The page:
And we mean “secret society.” Nobody outside P2 really knew it existed at all until a few years after Moro’s death, when a parliamentary commission revealed it. The scale of its influence in the highest levels of Italian society was cause for immediate alarm. And as it turned out, over half of the members of the crisis committee that had directed the failed rescue operations in the Moro Affair were members of P2. Moreover, the Italian security services had been comprehensively reorganized less than a year before Moro’s assassination, and the director of the new military intelligence bureau, Giuseppe Santovito…was also a member. Perhaps the reorganization and new leadership weren’t coincidental. They would, after all, explain the security services’ conspicuous incompetence in Moro’s rescue. Moro wanted to open politics to the Communists, P2 opposed his move, and at the critical moment, its members had the power to botch his rescue and leave Moro to his fate. At least, that’s one theory.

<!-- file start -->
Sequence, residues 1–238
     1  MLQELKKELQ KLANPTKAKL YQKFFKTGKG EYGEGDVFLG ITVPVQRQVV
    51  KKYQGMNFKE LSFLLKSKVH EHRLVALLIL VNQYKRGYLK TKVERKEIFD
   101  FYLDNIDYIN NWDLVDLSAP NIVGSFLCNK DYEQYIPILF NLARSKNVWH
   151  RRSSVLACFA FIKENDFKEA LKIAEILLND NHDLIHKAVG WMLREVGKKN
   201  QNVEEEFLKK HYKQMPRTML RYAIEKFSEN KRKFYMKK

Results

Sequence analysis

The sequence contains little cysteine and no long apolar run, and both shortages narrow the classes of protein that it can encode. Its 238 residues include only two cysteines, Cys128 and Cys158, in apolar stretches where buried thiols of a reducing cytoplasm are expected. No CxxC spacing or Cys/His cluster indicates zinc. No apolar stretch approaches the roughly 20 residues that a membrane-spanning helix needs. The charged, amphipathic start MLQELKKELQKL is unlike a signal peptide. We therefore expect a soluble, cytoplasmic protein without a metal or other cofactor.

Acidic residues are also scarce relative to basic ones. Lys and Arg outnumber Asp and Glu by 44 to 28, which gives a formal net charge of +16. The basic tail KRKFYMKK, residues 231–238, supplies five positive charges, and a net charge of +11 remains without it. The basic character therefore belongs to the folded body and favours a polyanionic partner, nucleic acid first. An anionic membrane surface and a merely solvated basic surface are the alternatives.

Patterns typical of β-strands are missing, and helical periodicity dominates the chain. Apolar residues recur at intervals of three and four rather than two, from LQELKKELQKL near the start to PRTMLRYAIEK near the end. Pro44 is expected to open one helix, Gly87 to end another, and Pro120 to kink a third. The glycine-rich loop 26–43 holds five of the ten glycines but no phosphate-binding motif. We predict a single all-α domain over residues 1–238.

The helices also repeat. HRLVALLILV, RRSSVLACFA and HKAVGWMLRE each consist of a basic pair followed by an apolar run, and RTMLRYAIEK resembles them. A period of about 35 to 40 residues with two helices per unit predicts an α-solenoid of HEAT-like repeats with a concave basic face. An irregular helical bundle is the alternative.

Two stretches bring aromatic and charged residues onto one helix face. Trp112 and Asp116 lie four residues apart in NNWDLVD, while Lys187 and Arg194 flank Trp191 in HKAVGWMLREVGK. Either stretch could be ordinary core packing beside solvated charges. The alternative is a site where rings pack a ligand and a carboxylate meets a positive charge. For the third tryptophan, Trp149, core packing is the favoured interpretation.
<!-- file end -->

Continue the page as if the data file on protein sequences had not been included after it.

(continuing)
But maybe Moro’s death was even bigger than P2. Maybe Moro was onto something when he wrote a letter to his wife from captivity, blaming American and German influence for his party’s betrayal. It wouldn’t be his first run-in with Washington. In 1974, just as he was beginning to consider the “historic compromise,” Moro met with then-American Secretary of State Henry Kissinger. In some reports of the meeting, Kissinger told Moro that such a compromise would be a red line for the Americans. Moro, his family claimed, was so shaken by the meeting that he almost quit politics entirely. Just two years later, Moro attended a summit in Puerto Rico alongside American, French, German, and British leaders, where he was excluded from a secret meeting in which the other four countries agreed to basically embargo Italy if the Communists entered the government with the Christian Democrats. When the secret meeting became…not so secret, Moro released a statement expressing his dismay, but it didn’t change any minds.